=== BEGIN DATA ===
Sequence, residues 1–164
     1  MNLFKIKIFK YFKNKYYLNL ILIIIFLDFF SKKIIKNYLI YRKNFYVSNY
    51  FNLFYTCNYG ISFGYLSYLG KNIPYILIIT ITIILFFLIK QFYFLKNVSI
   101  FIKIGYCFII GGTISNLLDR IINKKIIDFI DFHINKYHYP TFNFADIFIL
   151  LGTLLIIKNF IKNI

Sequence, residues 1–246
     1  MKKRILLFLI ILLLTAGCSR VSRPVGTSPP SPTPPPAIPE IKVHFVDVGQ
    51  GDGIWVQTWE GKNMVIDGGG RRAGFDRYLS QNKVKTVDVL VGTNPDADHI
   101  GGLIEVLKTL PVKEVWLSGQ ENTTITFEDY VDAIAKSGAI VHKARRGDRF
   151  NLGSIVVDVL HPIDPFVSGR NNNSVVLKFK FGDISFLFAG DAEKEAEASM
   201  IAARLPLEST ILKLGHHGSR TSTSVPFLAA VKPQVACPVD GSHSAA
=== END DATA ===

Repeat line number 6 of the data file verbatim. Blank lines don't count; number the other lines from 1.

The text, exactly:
Sequence, residues 1–246